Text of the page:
American Injustice: Rapists and Their Custodial Rights
Fundamental Flaws in the American Justice system protect rapist’s custodial rights while endangering victims and their children.
The Daily Show recently aired a segment in which Samantha Bee exposes the serious injustice that pregnant rape victims face in an overwhelming majority of U.S. states. According to a 1996 study by the American Journal of Obstetrics and Gynecology, every year 32,000 pregnancies result from rape. That would amount to 50,000 today when adjusted to the current population. Two-thirds of these women will terminate their pregnancies, but a handful will choose to raise their child. You would imagine that the worst would be over at this point for these women. However, many end up embroiled in custody battles because the state they reside in protect’s their rapist’s parental rights.
Shauna Prewitt became pregnant when she was raped as a senior in college. Mother Jones reports that after her daughter was born, Prewitt was planning to press charges against her rapist. He countered with papers demanding custody of her daughter. She initially wasn’t worried because of how ridiculous the situation seemed. There was no way that her rapist would be able to win partial or full custody of her daughter, right? Prewitt stated:
“I was struck with terror, not only with the idea of letting my child be around him, but also having to spend the next 18 years of my life tied to him.”
Although it may seem despicable, this is exactly what happened to women in this situation.When a 14-year-old girl in Massachusetts gave birth after being raped, the court ordered that she and her rapist participate in “unwanted court proceedings for 16 years with the man who raped her, and to spend money on legal fees” until her child reached adulthood. The Massachusetts judge ruled that her rapist, Jamie Melendez, pay child support (which entitles him to request visitation). If she fails to attend any scheduled family court dates, she risks losing custody to her rapist. In turn, the victim has requested “that the rapist pay criminal restitution instead of child support. Both the Massachusetts Supreme Judicial Court and the family court denied her request.”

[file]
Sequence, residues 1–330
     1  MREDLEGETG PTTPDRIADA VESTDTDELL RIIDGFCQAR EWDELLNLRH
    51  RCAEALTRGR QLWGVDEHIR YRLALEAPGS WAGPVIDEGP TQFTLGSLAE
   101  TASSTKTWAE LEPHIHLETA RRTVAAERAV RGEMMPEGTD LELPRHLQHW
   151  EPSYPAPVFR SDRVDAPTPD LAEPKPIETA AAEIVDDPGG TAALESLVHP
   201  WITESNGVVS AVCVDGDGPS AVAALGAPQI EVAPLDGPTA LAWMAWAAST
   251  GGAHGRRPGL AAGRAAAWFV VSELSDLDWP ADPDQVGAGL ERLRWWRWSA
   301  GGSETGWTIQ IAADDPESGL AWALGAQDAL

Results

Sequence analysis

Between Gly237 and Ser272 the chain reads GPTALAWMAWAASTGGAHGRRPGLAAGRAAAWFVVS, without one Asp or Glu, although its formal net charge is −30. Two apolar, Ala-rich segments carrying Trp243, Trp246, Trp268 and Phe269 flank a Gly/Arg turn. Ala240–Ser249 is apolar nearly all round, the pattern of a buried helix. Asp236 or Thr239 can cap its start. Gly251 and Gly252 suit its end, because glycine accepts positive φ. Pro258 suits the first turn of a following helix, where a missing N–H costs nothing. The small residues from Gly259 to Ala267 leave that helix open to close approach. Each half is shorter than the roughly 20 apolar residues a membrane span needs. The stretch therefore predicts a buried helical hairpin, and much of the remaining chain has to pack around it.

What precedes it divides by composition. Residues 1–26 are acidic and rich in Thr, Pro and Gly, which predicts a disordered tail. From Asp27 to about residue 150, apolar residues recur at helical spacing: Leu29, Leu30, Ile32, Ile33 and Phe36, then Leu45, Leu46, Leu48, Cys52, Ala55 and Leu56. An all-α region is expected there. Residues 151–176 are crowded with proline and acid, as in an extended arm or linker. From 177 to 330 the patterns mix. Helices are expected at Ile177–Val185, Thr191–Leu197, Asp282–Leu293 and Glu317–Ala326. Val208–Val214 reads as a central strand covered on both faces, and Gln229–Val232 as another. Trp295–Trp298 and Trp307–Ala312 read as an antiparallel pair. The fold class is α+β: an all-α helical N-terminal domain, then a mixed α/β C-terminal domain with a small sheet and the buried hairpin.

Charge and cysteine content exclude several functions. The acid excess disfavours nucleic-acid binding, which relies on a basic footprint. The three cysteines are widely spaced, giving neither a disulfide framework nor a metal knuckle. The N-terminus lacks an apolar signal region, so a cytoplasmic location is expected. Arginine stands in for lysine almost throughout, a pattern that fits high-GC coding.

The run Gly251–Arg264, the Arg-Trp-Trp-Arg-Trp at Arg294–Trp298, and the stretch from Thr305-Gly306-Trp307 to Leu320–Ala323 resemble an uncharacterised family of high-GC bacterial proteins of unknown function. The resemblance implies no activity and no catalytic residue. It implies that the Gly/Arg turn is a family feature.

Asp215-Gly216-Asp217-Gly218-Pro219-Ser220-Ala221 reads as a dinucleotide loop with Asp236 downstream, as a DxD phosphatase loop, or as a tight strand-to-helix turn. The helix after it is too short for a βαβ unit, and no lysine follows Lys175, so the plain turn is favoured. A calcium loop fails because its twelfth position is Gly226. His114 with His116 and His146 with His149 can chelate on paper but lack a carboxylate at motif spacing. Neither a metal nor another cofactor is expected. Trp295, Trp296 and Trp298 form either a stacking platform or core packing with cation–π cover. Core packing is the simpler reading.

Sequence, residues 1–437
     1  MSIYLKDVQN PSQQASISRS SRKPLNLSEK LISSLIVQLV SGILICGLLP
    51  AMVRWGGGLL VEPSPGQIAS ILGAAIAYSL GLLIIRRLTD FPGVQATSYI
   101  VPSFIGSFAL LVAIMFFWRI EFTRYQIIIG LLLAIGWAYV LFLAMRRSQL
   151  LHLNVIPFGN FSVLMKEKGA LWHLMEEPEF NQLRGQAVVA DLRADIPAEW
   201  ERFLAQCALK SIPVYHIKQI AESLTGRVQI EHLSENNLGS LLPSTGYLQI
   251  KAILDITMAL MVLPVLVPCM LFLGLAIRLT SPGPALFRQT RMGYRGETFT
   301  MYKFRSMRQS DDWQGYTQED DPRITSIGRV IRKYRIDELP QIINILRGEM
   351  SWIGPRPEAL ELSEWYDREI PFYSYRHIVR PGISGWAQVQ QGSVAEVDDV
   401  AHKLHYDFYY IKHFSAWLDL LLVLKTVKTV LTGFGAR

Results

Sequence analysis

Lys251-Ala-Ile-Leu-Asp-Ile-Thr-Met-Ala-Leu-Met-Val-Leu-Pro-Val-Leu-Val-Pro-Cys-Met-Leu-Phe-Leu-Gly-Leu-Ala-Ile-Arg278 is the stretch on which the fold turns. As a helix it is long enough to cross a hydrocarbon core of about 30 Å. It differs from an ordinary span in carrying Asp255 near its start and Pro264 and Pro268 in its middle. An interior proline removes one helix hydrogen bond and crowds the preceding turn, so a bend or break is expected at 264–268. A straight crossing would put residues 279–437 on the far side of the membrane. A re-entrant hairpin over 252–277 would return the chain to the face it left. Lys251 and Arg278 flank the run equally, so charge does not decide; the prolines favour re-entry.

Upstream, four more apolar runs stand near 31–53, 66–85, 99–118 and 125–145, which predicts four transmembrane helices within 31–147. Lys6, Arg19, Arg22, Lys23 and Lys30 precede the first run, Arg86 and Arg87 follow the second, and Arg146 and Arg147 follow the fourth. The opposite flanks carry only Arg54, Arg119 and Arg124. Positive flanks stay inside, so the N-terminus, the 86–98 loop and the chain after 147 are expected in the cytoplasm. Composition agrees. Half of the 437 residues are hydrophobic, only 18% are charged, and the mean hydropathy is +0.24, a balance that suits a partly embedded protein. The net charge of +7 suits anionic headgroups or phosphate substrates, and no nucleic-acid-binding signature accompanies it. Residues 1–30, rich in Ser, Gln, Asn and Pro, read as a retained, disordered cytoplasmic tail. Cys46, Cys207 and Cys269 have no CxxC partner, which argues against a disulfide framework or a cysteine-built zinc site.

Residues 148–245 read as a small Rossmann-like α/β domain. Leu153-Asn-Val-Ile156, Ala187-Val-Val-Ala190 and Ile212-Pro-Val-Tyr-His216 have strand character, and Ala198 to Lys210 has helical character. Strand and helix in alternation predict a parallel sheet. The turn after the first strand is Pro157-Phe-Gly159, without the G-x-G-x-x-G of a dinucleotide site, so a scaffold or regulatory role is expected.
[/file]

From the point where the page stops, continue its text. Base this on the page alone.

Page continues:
Not only does this young woman have to suffer the trauma of being raped, but she will also be forced to endure her rapist’s presence for 16 additional years. Not to mention she will have to bear the emotional stress of raising a child that is a product of that violation. Victims of sexual assault spend years trying to recover from their trauma. I cannot imagine how difficult it must be to regain that balance when you are forced to have a relationship with your rapist.
Many states have laws in place that severely limit women’s access to facilities that will perform abortions. Some women have to travel hundreds of miles to have an abortion. What kind of options do women really have if they can only choose between 1.) traveling a long distance and navigating through confusing laws meant to discourage them from having an abortion, or 2.) having a child that could force them to spend time with their rapist for decades? If these women decide to raise their child, their state should support this decision and deny their rapist custodial rights. Advocates for pro-life and pro-choice groups agree that it is harmful to both the mother and the child if the rapist is involved in their lives.
Sadly, many rapes go unreported. Also, 13 of the 19 states that have laws in place addressing custodial rights of rapists require proof of conviction in order to waive the rapist’s rights. We need to support these survivors, encourage them to make their own decisions about their bodies, and protect them from continued abuse by their rapists. We need to demand that these women are not subjected to further trauma from their assaulters. We need to address how we treat women, especially those who are victims of sexual assault or sexual harassment. Every state needs to provide women with an environment in which they feel safe enough to prosecute their rapist and are certain they can raise their child and be supported in their decision.